Green Island human rights festival revisits White Terror history
The opening ceremony of the 2017 Green Island Human Rights Arts Festival was held on the eve of May 17 at Oasis Villa on Green Island, a site of suffering during the White Terror era. About 100 former political victims and family members restored the truth of history through images, drama, and a special exhibition to share the bloodshed and sorrow caused by the nation-wide violence against human rights during martial-ruled Taiwan.
Minister of Culture Cheng Li-chiun, who was unable to attend the activities as scheduled because her flight could not land due to the abrupt change in weather, requested Director Wang Yi-chun (王逸群) of the Preparatory Office of the National Human Rights Museum to convey her remarks.
In addition to affirming the contributions made by political victims by their long-term participation in restoring the park and facilities on Green Island, the Minister reiterated the nation’s mission and vision of promoting transitional justice.
Only by “restoring the truth of history, vindicating political victims, and creating a new society of dialogue and reconciliation” will this nation achieve its goal of deepening democracy, freedom, and justice and safeguarding universal human rights, she added.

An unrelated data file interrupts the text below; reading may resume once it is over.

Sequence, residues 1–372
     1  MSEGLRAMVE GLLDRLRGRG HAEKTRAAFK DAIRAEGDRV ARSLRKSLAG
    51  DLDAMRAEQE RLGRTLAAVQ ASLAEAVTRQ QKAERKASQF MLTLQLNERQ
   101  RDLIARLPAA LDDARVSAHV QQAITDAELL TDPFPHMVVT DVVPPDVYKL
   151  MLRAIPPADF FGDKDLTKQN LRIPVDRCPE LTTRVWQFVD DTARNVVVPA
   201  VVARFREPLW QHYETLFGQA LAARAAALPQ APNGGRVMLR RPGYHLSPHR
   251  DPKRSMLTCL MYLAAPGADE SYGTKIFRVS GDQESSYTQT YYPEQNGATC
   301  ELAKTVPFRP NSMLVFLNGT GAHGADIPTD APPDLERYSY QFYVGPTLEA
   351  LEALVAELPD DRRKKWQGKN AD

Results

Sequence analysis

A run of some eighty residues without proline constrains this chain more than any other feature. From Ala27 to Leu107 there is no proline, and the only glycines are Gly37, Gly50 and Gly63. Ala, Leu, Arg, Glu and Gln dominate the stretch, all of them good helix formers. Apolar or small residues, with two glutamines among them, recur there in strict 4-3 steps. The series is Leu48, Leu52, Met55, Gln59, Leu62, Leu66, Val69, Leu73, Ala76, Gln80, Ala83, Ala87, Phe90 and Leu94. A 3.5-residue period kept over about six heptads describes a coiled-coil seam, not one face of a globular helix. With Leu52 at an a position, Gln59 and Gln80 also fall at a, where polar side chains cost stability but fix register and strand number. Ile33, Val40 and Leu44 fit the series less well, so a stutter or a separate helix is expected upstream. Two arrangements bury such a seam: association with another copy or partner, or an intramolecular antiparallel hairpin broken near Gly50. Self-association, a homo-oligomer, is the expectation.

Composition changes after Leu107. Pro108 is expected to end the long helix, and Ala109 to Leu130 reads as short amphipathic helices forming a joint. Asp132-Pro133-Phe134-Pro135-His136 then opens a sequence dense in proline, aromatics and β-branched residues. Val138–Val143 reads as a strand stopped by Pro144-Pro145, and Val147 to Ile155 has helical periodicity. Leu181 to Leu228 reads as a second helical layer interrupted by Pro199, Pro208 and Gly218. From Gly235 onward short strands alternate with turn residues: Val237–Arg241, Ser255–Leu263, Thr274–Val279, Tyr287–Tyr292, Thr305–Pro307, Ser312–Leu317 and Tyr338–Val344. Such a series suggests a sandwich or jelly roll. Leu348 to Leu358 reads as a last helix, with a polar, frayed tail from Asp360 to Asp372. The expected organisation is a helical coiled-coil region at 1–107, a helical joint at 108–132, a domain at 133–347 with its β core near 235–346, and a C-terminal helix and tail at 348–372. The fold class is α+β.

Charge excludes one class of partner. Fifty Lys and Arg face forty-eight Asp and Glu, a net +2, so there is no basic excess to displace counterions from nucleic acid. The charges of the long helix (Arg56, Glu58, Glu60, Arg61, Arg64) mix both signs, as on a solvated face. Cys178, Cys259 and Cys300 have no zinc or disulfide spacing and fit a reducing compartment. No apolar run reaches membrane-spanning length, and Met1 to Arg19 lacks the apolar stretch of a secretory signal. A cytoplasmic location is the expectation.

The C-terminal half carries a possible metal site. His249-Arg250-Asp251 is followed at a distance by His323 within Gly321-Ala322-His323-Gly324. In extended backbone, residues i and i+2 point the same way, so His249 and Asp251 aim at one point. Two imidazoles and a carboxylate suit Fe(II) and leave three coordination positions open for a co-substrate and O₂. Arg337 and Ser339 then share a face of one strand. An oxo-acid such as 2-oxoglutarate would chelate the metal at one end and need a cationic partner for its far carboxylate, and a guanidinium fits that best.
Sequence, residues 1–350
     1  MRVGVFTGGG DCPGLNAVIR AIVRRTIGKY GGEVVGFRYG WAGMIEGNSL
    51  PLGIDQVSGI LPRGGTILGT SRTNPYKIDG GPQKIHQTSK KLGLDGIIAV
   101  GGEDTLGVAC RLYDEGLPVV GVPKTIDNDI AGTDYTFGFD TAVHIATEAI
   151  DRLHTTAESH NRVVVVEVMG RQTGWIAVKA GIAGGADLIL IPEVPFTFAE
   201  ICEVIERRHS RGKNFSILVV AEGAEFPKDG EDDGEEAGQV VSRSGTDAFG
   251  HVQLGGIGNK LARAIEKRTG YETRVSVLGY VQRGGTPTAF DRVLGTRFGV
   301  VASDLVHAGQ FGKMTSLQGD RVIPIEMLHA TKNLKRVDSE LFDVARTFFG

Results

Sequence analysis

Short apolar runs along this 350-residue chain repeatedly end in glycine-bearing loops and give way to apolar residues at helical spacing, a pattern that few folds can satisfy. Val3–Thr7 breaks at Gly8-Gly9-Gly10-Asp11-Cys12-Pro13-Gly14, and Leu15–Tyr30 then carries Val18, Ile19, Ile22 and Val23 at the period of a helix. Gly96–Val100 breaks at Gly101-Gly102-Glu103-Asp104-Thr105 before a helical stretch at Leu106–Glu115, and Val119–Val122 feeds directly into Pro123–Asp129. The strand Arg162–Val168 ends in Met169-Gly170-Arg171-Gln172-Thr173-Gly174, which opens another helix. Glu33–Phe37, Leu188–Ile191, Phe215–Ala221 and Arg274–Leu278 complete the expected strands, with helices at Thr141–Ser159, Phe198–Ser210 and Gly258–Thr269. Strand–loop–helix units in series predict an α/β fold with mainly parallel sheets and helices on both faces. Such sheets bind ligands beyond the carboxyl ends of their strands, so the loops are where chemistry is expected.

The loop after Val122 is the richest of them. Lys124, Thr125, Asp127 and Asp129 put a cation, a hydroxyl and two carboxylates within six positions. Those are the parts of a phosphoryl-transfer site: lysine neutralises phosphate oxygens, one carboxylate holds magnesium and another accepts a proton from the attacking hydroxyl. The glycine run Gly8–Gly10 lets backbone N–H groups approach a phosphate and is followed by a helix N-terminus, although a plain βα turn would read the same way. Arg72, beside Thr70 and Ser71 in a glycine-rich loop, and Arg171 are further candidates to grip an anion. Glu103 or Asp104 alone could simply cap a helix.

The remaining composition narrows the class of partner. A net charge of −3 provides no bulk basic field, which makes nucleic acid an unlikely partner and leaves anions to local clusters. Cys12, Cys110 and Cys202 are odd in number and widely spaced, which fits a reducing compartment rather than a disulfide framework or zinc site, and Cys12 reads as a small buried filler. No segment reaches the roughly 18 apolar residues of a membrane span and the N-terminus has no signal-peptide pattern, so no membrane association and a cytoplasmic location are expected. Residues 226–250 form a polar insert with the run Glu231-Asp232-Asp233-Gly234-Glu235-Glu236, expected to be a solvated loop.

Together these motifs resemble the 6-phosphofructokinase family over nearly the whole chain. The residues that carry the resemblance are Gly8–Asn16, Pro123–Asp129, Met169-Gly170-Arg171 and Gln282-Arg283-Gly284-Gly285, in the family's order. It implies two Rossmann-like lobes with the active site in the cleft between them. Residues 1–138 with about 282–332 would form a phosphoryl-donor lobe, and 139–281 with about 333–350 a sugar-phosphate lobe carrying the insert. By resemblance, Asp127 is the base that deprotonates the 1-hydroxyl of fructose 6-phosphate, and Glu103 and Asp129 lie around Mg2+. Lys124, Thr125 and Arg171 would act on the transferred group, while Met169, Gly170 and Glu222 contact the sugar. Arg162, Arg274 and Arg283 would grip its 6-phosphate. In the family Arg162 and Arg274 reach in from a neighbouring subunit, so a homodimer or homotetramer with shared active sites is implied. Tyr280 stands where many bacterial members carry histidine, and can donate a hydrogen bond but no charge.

The Preparatory Office of the National Human Rights Museum kicks off the Green Island Human Rights Arts Festival on May 17 every year to commemorate the political victims who were persecuted under White Terror and suffered imprisonment and torture on Green Island.
This year, the exhibitions include “From Virtual Giant Evil to Court Verdict,” a woodcarving exhibition by veteran artist and political victim Chen Wu-chen (陳武鎮), and “Returning to Taiyuan in a Dream: Seeing Green Villa Again,” a showcase of farewell letters by the late Chiang Ping-hsing (江炳興) and four other martyrs of the 1970 Taiyuan Incident (泰源事件).
Several plays and musicals also debuted at the festival, including “Green Island Lily (綠島百合).” Adapted from a true story, the musical drama revolves around how “some political victims would rather give up their freedom or life for their beliefs; a Green Island woman would rather sacrifice her life for the sake of love and loyalty.” The storyline was penned by Wu Wen-huei (吳文慧), daughter of political victim Wu Yi-min (吳逸民), to reflect the helplessness of ordinary people trapped by the confinements of their era.
The Green Island Human Rights Arts Festival will run through July 30 at the Green Island Human Rights and Culture Park. For more information, please visit www.nhrm.gov.tw.